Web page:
Although the judge found Zimmer “exercised ordinary care in the designing and testing of the MLKT” and did not fail to issue a warning about the risk of corrosion, she found Zimmer strictly liable for an unreasonably dangerous design. (Even if a manufacturer has not acted negligently, strict liability leaves them on the hook for a defective product, defined by the unreasonable risk of injury associated with using it.)

“If a device is throwing off or creating so much metal debris and corrosion that it causes metallosis, that is not an acceptable risk of harm,” Nash wrote.

Nash awarded about $2.02 million, with $1 million for pain and suffering, $480,000 for lost enjoyment of life, about $287,000 for the upcoming surgery McDonald will need and his home health care afterward and $175,000 for his past medical expenses. The award also included approximately $63,000 for lost earnings, $17,000 for lost household services and $6,000 for out-of-pocket expenses.

Defense attorney Michael Kanute of Faegre Baker Daniels in Chicago did not respond to a request for comment. His Albuquerque, New Mexico, co-counsel was Charles Vigil and Nelson Franse of Rodey, Dickason, Sloan, Akin & Robb .

Osborne said the case is a sign of a larger problem that will continue to play out in courts across the country. He is pursuing similar cases against other medical device manufacturers, including Stryker Corp. and DePuy.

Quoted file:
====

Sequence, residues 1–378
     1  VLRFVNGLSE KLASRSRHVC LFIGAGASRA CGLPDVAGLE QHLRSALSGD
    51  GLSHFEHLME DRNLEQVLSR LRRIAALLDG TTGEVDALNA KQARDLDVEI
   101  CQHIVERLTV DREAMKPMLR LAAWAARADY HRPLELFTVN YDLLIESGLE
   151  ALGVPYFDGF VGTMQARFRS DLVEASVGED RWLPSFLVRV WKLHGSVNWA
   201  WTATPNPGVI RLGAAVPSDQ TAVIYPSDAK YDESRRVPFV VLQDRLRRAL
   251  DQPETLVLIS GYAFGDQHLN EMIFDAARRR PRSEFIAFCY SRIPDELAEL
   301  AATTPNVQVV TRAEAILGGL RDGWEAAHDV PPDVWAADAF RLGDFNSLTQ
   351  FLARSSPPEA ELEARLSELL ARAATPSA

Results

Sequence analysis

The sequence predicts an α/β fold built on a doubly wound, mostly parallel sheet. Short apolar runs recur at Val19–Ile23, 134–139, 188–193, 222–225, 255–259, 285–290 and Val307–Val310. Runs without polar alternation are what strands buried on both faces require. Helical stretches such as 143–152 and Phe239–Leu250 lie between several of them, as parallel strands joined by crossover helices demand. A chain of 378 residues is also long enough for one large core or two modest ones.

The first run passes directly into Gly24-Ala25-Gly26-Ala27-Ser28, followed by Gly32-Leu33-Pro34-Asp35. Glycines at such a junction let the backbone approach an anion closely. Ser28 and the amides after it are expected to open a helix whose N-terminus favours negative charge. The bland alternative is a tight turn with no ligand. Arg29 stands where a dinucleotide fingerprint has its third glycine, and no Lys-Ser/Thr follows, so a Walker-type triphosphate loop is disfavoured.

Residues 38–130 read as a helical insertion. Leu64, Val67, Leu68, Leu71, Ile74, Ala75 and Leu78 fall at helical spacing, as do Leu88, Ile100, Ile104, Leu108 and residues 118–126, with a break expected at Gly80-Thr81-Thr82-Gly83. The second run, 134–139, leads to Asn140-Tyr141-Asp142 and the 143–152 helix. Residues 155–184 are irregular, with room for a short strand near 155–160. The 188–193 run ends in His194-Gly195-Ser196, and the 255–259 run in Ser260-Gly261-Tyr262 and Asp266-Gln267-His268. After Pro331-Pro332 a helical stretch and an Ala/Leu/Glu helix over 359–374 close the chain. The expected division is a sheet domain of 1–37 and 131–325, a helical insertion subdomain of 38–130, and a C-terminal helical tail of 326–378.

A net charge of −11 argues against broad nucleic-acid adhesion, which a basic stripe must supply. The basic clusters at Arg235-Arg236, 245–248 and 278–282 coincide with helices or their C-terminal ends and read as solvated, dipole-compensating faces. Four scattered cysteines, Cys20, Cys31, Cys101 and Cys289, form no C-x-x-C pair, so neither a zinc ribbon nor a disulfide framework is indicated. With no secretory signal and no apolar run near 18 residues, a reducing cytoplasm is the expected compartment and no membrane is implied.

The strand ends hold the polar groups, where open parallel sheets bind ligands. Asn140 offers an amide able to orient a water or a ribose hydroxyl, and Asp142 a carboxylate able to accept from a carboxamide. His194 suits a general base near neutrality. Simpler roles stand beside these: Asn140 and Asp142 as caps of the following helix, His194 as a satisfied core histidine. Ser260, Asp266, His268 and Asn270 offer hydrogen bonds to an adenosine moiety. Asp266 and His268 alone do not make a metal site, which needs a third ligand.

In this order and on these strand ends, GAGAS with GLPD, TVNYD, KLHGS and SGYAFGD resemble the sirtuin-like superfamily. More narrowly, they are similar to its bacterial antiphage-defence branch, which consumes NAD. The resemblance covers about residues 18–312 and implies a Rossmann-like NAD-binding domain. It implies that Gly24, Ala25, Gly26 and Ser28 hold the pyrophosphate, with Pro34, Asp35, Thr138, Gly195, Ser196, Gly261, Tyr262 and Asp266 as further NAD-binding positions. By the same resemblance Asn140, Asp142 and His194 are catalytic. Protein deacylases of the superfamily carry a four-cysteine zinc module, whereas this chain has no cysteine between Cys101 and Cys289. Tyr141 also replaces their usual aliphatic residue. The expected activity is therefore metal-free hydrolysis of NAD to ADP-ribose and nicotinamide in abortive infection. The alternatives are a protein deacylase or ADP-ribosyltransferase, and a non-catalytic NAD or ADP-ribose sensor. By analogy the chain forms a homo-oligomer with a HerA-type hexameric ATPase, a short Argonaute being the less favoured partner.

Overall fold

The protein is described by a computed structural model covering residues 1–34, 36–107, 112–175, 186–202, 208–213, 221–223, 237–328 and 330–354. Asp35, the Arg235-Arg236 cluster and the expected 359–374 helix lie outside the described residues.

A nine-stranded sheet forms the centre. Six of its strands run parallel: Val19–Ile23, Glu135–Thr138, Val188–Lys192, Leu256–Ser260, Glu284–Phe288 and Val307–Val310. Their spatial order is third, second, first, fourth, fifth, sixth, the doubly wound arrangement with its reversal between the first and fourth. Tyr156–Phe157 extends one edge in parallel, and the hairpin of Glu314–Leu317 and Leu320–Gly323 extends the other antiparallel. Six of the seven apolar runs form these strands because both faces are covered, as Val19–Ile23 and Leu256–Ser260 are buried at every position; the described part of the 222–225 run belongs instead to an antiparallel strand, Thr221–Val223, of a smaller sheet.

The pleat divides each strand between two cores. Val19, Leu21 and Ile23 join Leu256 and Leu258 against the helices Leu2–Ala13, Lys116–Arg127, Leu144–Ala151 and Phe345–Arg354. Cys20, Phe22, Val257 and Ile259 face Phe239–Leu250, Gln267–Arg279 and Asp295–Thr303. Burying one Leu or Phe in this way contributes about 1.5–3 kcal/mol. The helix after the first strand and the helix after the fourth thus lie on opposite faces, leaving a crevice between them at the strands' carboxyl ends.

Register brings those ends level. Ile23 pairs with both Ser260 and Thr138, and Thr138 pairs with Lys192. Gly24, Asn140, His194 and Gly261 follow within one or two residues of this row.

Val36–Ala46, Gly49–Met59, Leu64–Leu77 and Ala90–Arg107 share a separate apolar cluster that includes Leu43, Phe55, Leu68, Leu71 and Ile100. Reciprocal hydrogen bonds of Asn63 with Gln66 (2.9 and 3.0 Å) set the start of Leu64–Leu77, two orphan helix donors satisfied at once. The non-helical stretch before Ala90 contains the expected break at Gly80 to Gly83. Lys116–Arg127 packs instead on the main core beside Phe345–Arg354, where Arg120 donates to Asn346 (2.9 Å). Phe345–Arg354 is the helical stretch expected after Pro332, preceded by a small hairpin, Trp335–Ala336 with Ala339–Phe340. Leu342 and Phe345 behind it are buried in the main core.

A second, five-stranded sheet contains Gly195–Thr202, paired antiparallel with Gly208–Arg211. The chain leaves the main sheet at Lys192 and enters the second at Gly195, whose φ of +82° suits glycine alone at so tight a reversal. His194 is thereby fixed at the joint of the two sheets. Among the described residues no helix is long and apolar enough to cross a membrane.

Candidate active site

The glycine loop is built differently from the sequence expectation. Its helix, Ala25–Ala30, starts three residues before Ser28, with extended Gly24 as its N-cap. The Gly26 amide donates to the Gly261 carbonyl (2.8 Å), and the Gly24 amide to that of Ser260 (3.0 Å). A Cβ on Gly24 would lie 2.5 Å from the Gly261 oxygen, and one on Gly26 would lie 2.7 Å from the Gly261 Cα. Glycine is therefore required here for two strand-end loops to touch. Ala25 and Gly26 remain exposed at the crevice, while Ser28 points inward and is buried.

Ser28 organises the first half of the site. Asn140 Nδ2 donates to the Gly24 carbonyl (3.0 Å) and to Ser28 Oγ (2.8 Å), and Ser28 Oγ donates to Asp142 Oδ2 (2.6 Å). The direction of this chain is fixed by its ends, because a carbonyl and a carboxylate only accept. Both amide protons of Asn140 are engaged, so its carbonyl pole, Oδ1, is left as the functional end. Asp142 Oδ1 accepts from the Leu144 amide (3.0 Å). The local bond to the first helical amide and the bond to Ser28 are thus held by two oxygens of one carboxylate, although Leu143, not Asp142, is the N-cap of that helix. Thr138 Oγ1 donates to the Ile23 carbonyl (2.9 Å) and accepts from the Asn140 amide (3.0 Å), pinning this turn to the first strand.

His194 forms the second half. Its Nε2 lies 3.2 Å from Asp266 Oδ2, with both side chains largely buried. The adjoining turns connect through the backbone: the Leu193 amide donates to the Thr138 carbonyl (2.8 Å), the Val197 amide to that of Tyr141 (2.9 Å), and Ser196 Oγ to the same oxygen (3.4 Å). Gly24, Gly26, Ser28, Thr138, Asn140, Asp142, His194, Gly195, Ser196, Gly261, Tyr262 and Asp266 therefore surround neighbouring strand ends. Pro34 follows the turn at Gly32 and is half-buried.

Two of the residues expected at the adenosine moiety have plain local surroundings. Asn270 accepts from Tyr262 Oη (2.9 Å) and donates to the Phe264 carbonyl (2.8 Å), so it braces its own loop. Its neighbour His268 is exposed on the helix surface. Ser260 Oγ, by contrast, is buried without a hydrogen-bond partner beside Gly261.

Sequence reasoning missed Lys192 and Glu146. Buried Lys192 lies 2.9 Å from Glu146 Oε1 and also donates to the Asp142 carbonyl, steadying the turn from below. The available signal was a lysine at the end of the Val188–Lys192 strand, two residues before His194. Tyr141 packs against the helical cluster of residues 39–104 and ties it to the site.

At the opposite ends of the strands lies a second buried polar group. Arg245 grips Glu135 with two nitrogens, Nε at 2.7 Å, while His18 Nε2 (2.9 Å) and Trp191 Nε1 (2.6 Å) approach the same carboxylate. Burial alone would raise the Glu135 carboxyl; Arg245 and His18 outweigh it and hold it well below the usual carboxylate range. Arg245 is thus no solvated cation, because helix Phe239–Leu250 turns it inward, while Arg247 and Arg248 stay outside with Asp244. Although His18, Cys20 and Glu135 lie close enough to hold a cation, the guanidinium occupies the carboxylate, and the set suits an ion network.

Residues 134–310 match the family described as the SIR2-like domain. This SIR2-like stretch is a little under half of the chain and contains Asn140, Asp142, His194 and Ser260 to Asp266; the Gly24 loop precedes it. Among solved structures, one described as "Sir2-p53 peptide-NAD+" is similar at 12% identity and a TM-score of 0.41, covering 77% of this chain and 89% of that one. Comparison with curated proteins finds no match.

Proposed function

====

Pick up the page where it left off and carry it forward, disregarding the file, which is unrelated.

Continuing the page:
“Overall, this is an example of the fact that hip manufacturers, not just Zimmer, have been dealing with metal-related failures for a number of different reasons over the past five to 10 years,” Osborne said. “Unfortunately, I think because there are different ways that these implants can fail that people are going to continue to need help medically and legally because of how poorly some of these implants were designed. Doctors and patients just need to be aware of it.”

Case: Michael Brian McDonald v. Zimmer Inc. et al

Case No.: D-202-CV-2013-0406

Description: Medical device defect

Filing date: May 9, 2013

Findings and conclusions date: March 31, 2017

Judge: Albuquerque District Judge Nan Nash

Plaintiffs attorneys: Joseph Osborne, Osborne & Associates, Boca Raton; Randi McGinn and Allegra Carpenter, McGinn, Carpenter, Montoya & Love, Albuquerque, New Mexico

Defense attorneys: Michael Kanute, Faegre Baker Daniels , Chicago; Charles Vigil and Nelson Franse, Rodey, Dickason, Sloan, Akin & Robb , Albuquerque, New Mexico

Judgment amount: $2 million